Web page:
Where The Devil Can't Go

Anthony McIntyre journeys into the world of Polish fiction. 

In Anya Lipska's debut novel, Where The Devil Can't Go,  the Polish community in East London has murder in its midst. Some decades earlier, in the skies above the English Channel, Polish pilots, making up a substantial portion of RAF fighter pilots, fought bravely to prevent the Luftwaffe open up the British mainland for invading ground troops. Some of the survivors’ descendants settled in the city beneath their warring exploits and would now make up the Polish community there, but the bulk of the influx has been a result of modern immigration trends: many of them comprising the construction workforce building the London Olympics physical infrastructure.

The recent slayings are far removed from the legitimacy associated with death inflicted by Polish flyers. The victims were young women rather than Messerschmitt pilots intent on wreaking destruction.

Anya Lipska’s first book is well worth a read. I picked it up at a time when I had been reading a lot of Scandinavian crime friction, wanting to see how the latter compared against others, even managing the amazing Bethlehem Murders by Matt Rees. Both Lipska and Rees are adroit in bringing to the fore the mosaic of the community in which they situated their stories. Lipska is not Polish but is married to a London Pole, with “Anya Lipska” being a pseudonym. That she would go on to write more novels with the same main characters centre stage, suggests the genre must have proved appealing, perhaps even lucrative.

Janusz Kiszka came to live in London in the 1980s and gradually increased his prosperity. Janusz has influence within the community, being something of a redoubtable character whose command of the English language placed him at a societal intersection which served as a vantage point. A sort of enterprising and industrious hard case – a priest Father Piotr Pietruzki, approaches him to enlist his help in finding a waitress from the community of Poles he feels may have gone missing with her boyfriend.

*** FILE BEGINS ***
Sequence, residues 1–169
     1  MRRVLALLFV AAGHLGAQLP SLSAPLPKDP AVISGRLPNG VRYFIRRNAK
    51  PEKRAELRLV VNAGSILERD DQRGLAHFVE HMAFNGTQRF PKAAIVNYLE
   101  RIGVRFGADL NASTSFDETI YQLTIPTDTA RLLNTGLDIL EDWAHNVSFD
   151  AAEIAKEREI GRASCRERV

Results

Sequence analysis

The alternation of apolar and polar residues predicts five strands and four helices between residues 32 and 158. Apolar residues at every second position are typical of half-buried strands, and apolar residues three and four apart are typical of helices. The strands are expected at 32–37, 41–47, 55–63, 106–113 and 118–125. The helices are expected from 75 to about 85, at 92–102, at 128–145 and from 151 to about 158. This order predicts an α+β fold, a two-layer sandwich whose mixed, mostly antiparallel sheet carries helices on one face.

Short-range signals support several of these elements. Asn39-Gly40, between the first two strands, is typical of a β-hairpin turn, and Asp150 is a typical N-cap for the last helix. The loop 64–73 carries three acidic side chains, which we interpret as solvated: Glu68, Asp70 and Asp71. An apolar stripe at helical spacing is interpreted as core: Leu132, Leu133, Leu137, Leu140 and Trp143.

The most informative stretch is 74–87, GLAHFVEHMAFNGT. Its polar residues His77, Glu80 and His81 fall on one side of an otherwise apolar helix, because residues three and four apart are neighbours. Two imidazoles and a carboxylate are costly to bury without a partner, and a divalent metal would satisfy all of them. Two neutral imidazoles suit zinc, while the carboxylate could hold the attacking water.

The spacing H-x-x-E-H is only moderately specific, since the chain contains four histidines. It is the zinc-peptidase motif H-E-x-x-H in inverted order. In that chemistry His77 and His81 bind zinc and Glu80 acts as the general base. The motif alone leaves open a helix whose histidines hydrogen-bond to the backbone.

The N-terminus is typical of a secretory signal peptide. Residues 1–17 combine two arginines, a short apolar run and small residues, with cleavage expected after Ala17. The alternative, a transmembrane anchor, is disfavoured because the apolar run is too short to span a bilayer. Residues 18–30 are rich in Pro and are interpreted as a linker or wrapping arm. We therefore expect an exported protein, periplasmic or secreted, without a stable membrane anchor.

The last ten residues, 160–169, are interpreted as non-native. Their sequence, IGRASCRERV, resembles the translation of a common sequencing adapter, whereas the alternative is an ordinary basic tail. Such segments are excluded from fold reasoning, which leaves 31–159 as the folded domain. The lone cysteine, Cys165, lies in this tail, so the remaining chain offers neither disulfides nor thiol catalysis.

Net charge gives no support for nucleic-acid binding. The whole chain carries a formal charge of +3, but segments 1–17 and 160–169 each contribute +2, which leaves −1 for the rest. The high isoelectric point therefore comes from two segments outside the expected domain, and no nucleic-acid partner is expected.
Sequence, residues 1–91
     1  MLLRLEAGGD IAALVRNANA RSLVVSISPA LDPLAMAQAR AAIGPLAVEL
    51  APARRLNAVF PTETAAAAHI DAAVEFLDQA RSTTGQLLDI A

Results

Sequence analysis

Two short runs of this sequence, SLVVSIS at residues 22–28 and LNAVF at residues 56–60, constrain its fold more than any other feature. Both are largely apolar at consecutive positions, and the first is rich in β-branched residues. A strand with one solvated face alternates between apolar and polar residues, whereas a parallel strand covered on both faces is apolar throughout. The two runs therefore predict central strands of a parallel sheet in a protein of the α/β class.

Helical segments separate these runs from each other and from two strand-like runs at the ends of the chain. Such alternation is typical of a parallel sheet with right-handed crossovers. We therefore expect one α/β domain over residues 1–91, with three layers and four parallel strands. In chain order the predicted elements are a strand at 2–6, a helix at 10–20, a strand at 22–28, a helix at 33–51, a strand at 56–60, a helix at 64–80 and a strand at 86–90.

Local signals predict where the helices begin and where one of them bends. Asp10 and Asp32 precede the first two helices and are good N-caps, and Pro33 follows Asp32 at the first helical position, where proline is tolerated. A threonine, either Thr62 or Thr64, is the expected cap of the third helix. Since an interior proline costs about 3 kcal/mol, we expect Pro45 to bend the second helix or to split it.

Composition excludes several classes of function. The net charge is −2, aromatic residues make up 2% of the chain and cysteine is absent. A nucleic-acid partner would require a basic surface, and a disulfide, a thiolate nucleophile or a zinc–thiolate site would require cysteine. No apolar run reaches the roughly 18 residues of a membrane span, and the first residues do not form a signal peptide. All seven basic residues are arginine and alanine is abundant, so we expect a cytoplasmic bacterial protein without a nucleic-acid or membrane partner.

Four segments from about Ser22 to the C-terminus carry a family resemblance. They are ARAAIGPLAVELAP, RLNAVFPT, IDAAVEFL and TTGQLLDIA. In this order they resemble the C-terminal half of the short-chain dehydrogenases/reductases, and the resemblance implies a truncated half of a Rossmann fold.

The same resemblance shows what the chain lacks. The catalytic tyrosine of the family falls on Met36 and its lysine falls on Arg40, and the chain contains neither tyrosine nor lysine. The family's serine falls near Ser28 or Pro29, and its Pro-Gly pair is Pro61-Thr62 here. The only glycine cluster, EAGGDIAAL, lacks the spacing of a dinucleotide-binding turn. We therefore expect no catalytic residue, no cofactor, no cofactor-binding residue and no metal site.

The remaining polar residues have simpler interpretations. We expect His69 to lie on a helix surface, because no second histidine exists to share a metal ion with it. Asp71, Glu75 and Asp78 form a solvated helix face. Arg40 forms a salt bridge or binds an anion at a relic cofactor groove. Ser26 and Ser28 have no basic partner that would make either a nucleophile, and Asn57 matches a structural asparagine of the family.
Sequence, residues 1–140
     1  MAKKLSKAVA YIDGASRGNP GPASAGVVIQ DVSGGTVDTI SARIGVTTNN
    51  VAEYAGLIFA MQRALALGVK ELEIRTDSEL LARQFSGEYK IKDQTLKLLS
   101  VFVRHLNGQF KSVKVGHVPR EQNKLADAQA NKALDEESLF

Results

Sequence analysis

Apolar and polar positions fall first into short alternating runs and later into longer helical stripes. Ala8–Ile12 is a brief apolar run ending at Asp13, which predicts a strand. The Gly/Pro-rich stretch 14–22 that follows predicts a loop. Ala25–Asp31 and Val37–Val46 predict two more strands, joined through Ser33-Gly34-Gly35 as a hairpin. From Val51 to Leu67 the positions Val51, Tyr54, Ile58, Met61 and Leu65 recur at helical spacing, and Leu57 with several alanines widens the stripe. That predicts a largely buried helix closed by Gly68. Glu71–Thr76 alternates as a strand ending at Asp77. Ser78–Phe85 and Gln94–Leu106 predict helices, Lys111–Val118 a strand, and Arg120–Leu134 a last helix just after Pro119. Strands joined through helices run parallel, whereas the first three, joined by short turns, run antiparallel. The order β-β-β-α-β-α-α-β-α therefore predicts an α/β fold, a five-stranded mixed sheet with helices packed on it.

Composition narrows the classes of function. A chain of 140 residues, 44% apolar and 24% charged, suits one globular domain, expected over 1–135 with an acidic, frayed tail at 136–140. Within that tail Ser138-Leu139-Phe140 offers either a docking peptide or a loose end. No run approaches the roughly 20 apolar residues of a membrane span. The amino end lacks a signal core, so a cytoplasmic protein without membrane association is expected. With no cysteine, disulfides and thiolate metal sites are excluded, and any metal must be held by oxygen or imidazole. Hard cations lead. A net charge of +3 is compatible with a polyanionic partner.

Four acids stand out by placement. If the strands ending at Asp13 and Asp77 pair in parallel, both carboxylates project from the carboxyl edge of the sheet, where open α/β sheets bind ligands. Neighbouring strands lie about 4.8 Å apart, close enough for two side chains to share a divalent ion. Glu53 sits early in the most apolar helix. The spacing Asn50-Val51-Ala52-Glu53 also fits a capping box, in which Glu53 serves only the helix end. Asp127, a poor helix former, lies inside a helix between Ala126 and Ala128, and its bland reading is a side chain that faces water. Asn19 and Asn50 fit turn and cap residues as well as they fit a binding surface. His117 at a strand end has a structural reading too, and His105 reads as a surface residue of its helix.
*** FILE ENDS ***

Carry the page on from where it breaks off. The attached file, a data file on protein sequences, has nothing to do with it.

It is not that long ago that people would complain about “the Paddies and their priests” so it ill behoves us to raise our eyebrows towards the Poles and their priests, even though it looks at times like Africans and Poles are the only believers left. Why anybody in their right mind would seek the advice of a priest about matters other than holy water seems incomprehensible. But this is a book about community and to write the priests out might be fashionable but not accurate.

A body is fished out of the Thames, two Polish names tattooed onto it - and it is not too long before Janusz finds himself suspected by Natalie Kershaw and her team of detectives, causing him to recall the Polish proverb “where the devil cant go, he sends a woman”, A second body turns up. Even with an authentic Polish feel it just wasn’t plausible to have the cops being Polish as well.

That Polish angle is intensified when Janusz returns to a Poland he had left twenty years earlier as part of his hunt for the missing woman. Poland under the Communists had created bad memories, and he was in no rush to leave his home near the then Arsenal stadium of Highbury and return to his past. It is at this point that the reader gets a sense of what the novelist Zygmunt Miłoszewski meant with his observation that “in this country, history is less of an academic topic and more of a national obsession, and this is extremely plain to see in the crime fiction.”

When a country has Auschwitz situated on its territory, the national obsession becomes admirable rather than treatable. 

The work alternates between the two main characters Janusz and Kershaw. Theirs is a relationship of convenience, pragmatism dictating it. The police thorn in the side of Kershaw is her superior - the unlikeable and rude Detective Sergeant "Streaky" Bacon. Something of the pig about the guy if we may pardon the pun.

Lipska might be a bit less sophisticated drawing the evidence together than a writer like Nesbo, but the reader suspects that will be refined with time. 

In the age of Brexit the richness of a community like the Poles could well be impoverished by the racist rich and there might yet be an exodus back to Poland, a lot of British citizens in tow. Tantalising, the thought what novels that might produce.

Anthony McIntyre blogs @ The Pensive Quill. Follow Anthony McIntyre on Twitter @AnthonyMcIntyre

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Anthony McIntyre

Former IRA prisoner, spent 18 years in Long Kesh. Free Speech advocate, writer, historian, humanist, and researcher.

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